Load balancing in heterogeneous cellular networks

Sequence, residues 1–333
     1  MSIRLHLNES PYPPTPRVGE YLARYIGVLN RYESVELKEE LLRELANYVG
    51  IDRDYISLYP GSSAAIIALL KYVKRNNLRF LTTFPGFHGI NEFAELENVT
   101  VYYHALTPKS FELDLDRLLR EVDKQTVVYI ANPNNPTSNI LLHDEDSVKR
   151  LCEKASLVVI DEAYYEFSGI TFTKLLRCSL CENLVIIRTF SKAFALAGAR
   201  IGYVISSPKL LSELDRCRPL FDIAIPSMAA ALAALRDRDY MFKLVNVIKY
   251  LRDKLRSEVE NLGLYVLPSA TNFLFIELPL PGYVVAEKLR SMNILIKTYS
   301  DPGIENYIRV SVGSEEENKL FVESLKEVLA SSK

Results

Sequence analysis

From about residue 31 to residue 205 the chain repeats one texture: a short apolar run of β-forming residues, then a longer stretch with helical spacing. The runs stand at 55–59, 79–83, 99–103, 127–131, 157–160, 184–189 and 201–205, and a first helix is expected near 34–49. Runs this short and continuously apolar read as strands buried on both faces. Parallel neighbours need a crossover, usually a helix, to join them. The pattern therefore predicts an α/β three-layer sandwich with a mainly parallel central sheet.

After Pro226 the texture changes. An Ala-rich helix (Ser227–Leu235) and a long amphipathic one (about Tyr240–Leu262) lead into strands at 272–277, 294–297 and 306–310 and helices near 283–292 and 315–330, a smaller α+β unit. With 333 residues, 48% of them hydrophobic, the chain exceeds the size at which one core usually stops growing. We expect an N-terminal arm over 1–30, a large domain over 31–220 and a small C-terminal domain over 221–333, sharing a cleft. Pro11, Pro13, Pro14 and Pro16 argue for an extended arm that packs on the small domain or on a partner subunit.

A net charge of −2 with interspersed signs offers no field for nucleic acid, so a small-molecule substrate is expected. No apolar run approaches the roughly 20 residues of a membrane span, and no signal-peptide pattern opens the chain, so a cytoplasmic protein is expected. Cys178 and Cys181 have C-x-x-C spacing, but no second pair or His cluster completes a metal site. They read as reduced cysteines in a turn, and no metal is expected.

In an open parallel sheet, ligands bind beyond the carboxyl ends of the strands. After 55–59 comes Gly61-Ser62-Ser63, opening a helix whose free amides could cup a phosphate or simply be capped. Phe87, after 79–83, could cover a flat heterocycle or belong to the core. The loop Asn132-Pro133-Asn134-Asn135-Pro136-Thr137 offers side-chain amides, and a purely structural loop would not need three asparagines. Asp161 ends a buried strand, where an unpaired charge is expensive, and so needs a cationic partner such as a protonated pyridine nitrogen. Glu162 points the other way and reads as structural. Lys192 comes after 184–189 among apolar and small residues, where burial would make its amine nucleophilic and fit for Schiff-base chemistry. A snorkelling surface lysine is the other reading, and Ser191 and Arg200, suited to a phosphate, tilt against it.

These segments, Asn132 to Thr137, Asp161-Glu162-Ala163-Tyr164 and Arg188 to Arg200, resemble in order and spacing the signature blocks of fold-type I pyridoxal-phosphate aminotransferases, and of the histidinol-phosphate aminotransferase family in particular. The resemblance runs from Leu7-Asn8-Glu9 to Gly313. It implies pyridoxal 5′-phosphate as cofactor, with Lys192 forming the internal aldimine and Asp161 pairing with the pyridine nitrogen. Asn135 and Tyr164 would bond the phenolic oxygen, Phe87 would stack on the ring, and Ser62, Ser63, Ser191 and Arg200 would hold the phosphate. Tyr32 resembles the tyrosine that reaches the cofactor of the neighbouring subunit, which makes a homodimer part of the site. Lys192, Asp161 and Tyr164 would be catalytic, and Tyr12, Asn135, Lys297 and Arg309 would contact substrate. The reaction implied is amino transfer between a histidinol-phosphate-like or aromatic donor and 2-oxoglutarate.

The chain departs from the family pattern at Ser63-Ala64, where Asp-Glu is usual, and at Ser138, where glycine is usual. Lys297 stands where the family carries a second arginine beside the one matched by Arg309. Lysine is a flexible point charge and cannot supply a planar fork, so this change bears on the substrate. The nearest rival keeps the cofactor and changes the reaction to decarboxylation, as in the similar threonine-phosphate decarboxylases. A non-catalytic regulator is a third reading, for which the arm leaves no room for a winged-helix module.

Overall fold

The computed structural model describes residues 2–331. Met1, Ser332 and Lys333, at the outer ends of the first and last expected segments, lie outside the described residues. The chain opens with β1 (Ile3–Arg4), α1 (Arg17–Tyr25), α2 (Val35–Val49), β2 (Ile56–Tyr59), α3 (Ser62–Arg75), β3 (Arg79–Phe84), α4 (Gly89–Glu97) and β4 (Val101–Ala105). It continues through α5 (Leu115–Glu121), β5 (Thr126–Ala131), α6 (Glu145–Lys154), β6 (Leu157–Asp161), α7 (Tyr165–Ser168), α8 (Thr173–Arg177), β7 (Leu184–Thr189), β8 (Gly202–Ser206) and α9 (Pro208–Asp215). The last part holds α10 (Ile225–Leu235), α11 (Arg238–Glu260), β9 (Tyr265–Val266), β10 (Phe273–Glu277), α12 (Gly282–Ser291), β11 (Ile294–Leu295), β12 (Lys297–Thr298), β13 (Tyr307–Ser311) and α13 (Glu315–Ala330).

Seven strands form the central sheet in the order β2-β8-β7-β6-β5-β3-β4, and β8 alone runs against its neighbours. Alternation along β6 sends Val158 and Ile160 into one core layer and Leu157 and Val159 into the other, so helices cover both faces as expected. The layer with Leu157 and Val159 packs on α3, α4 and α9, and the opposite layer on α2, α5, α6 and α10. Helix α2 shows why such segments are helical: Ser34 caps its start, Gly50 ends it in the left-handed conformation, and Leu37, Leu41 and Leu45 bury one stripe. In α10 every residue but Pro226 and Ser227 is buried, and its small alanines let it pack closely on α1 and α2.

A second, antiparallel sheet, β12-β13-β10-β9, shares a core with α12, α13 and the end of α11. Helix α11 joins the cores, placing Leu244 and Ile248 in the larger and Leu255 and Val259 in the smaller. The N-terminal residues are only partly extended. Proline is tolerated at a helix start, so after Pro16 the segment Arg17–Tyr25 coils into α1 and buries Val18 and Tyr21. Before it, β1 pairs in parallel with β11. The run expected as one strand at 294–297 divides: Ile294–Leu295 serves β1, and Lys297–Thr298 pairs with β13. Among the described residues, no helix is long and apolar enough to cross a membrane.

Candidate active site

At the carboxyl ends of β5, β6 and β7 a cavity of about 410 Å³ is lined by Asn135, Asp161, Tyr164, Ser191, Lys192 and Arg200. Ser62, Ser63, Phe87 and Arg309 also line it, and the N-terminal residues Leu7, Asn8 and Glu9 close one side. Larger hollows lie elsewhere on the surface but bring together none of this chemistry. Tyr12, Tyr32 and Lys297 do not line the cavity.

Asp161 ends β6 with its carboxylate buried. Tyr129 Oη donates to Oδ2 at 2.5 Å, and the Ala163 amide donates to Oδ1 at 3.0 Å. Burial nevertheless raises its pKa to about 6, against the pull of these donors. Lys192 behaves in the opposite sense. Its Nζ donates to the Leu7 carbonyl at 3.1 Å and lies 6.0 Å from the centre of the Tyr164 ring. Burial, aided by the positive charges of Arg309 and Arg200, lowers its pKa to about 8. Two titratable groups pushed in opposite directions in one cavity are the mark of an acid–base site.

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Pushing wireless data traffic onto small cells is important for alleviating congestion in the over-loaded macrocellular network. However, the ultimate potential of such load balancing and its effect on overall system performance is not well understood. With the ongoing deployment of multiple classes of access points (APs) with each class differing in transmit power, employed frequency band, and backhaul capacity, the network is evolving into a complex and “organic” heterogeneous network or HetNet. Resorting to system-level simulations for design insights is increasingly prohibitive with such growing network complexity. The goal of this dissertation is to develop realistic yet tractable frameworks to model and analyze load balancing dynamics while incorporating the heterogeneous nature of these networks. First, this dissertation introduces and analyzes a class of user-AP association strategies, called stationary association, and the resulting association cells for HetNets modeled as stationary point processes. A “Feller-paradox”-like relationship is established between the area of the association cell containing the origin and that of a typical association cell. This chapter also provides a foundation for subsequent chapters, as association strategies directly dictate the load distribution across the network. Second, this dissertation proposes a baseline model to characterize downlink rate and signal-to-interference-plus-noise-ratio (SINR) in an M-band K-tier HetNet with a general weighted path loss based association. Each class of APs is modeled as an independent Poisson point process (PPP) and may differ in deployment density, transmit power, bandwidth (resource), and path loss exponent. It is shown that the optimum fraction of traffic offloaded to maximize SINR coverage is not in general the same as the one that maximizes rate coverage. One of the main outcomes is demonstrating the aggressive of- floading required for out-of-band small cells (like WiFi) as compared to those for in-band (like picocells). To achieve aggressive load balancing, the offloaded users often have much lower downlink SINR than they would on the macrocell, particularly in co-channel small cells. This SINR degradation can be partially alleviated through interference avoidance, for example time or frequency resource partitioning, whereby the macrocell turns off in some fraction of such resources. As the third contribution, this dissertation proposes a tractable framework to analyze joint load balancing and resource partitioning in co-channel HetNets. Fourth, this dissertation investigates the impact of uplink load balancing. Power control and spatial interference correlation complicate the mathixematical analysis for the uplink as compared to the downlink. A novel generative model is proposed to characterize the uplink rate distribution as a function of the association and power control parameters, and used to show the optimal amount of channel inversion increases with the path loss variance in the network. In contrast to the downlink, minimum path loss association is shown to be optimal for uplink rate coverage. Fifth, this dissertation develops a model for characterizing rate distribution in self-backhauled millimeter wave (mmWave) cellular networks and thus generalizes the earlier multi-band offloading framework to the co-existence of current ultra high frequency (UHF) HetNets and mmWave networks. MmWave cellular systems will require high gain directional antennas and dense AP deployments. The analysis shows that in sharp contrast to the interferencelimited nature of UHF cellular networks, mmWave networks are usually noiselimited. As a desirable side effect, high gain antennas yield interference isolation, providing an opportunity to incorporate self-backhauling. For load balancing, the large bandwidth at mmWave makes offloading users, with reliable mmWave links, optimal for rate.